Adirondack Backcountry Ski Season Off to an Early, Good Start


Adirondack Backcountry Skiing 2014

The lifestyle hound is sorry he talked me into backcountry skiing on the Jackrabbit Trail in Lake Placid this morning.

Nearly two feet of snow fell at Adirondack Lifestyle HQ outside of Lake Placid, N.Y. in the last 48 hours, and this joyous fact was not lost on the lifestyle hound. He watched, dejected, as I prepared my skinny track skis for a blast around the Olympic trails at Mt. Van Hoevenberg this morning. I saw his spirits lift when he heard the snow at MVH was not firm enough yet for the tracksetter, so tracks would not be ready until this afternoon.

After a session of puppy-dog eyes and prancing underfoot, I got the message, “Get the big skis on and let’s check out the neighborhood.” So we did.

Adirondack Backcountry Skiing on the Jackrabbit Trail 2014

Backcountry ski conditions are suddenly excellent in the Adirondacks.

The section of Jackrabbit Trail outside of Lake Placid, going toward Keene, which I consider “Adirondack backcountry skiing lite” is in fine shape and very skiable, but skiers are advised to be aware of open water.

Adirondack backcountry skiing on the Jackrabbit Trail 2014

Skiers in the Adirondack backcountry are advised to watch out for open water, despite mid-winter ski conditions.

To that point, the New York State Department of Environmental Conservation just issued a press release to remind outdoor recreational enthusiasts that winter conditions prevail in the Adirondacks. See below.


Winter Recreational Opportunities Abound with Proper Preparation and Precautions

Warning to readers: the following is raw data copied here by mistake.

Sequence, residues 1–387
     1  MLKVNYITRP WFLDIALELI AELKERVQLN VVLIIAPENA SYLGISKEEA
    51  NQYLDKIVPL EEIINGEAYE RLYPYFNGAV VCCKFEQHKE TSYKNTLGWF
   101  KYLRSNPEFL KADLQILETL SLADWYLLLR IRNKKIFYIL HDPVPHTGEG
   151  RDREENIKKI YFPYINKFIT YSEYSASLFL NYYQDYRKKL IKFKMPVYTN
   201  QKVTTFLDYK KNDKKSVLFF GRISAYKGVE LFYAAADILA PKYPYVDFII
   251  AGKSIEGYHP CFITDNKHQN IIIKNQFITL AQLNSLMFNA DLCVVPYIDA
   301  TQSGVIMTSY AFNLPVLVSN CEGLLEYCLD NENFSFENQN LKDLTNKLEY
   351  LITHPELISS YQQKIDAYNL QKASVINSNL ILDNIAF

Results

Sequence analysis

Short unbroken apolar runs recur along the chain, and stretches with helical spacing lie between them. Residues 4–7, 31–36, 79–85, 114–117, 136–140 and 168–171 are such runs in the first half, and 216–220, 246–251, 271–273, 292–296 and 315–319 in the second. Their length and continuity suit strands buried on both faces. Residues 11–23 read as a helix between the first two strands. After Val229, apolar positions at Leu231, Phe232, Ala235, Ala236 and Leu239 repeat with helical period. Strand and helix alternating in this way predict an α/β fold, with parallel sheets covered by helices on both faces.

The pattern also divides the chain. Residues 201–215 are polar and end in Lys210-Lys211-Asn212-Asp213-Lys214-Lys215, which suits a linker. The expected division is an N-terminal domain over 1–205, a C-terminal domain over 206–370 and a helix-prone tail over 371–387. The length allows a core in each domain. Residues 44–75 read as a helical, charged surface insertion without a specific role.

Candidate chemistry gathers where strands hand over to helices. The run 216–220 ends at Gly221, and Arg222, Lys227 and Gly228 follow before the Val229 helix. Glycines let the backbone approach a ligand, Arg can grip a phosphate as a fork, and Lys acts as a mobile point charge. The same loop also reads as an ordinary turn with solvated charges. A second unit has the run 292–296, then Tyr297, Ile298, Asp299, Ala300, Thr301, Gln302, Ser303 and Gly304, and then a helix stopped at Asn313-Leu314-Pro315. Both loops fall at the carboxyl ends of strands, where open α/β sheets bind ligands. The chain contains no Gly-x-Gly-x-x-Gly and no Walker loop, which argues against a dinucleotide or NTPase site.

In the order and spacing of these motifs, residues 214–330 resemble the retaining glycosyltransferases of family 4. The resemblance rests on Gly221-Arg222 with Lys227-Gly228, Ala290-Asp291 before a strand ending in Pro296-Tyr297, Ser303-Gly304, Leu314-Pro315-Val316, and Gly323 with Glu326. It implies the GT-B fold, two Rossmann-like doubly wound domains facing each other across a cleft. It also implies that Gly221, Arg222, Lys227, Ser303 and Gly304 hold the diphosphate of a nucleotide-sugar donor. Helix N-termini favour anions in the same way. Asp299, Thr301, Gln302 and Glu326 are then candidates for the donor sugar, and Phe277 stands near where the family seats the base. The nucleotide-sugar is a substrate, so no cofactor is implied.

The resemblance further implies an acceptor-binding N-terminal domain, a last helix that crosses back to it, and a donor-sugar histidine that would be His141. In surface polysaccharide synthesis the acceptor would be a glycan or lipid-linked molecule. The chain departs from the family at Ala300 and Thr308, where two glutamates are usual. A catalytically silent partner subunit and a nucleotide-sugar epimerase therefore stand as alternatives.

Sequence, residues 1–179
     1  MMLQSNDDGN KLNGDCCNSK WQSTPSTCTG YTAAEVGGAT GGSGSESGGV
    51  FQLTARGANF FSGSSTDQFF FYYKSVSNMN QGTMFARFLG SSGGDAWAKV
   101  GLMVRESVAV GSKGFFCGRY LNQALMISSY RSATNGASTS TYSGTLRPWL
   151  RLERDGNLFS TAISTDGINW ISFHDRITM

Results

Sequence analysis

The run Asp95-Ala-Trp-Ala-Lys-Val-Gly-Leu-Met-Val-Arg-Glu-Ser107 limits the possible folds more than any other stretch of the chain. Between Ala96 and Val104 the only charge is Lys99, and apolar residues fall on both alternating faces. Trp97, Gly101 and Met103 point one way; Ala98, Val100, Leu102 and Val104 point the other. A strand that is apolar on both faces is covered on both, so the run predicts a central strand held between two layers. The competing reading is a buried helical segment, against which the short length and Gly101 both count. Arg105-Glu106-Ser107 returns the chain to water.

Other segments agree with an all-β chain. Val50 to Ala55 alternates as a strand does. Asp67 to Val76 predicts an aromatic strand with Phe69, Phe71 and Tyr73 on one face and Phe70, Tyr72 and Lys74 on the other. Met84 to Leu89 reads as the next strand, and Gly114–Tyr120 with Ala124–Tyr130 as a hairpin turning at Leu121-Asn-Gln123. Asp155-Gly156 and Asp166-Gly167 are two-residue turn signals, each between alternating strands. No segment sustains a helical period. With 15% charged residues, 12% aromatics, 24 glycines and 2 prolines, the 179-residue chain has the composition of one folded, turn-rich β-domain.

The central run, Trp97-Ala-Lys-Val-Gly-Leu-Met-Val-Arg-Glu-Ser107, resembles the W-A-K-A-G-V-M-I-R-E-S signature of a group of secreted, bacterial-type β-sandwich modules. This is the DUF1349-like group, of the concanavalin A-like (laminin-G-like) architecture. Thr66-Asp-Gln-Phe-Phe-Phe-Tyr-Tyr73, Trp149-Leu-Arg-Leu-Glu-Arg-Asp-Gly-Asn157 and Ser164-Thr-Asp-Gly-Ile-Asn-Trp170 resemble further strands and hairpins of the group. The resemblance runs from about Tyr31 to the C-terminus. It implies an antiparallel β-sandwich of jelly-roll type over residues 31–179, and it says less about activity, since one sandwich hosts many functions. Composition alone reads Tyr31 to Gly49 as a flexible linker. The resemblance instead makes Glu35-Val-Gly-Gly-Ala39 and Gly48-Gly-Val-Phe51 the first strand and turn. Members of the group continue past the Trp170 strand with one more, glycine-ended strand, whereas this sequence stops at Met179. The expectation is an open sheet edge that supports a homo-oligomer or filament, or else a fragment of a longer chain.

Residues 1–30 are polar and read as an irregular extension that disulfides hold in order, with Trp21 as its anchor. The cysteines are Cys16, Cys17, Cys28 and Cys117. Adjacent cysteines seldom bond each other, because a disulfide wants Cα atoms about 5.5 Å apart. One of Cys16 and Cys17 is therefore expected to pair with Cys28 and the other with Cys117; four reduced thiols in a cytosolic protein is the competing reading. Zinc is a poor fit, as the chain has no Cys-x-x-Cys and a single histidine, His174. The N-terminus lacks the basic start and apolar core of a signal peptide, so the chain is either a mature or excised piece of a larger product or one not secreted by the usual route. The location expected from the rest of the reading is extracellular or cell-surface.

The recent snowstorm provided great conditions for winter outdoor recreation in the Adirondack backcountry the New York State Department of Environmental Conservation (DEC) reports today. Backcountry visitors should be prepared with proper clothing and equipment for snow, ice and cold to ensure a safe and enjoyable winter experience.

“Now that snows have arrived in the Adirondacks, winter recreationist can take advantage of all that the Park has to offer during the upcoming holiday vacation period,” said DEC Commissioner Joe Martens. “However, recreationist must be aware that winter can also present troublesome – even perilous – conditions to the unprepared. Visitors exploring the backcountry should dress for cold weather and use snowshoes and skis to navigate trails.”

Snow depths range from 6 to 20 inches or more. The deepest snows are in the eastern Adirondacks with the thinner depths in the western portion. Snow depths are deeper in the higher elevations like the High Peaks and other mountains over 3,000 feet.

Seasonal access roads are closed. Motor vehicles should not be driving on seasonal access roads that serve as snowmobile trails in the winter such as the Moose River Plains Road.

Most gates and designated snowmobile trails are or will be open by the weekend. Snowmobilers should check on local trail conditions before heading out. Skiers and snowshoers using designated snowmobile trails should keep to the side to allow safe passage of snowmobiles. Snowmobiles should slow down when passing skiers and snowshoers.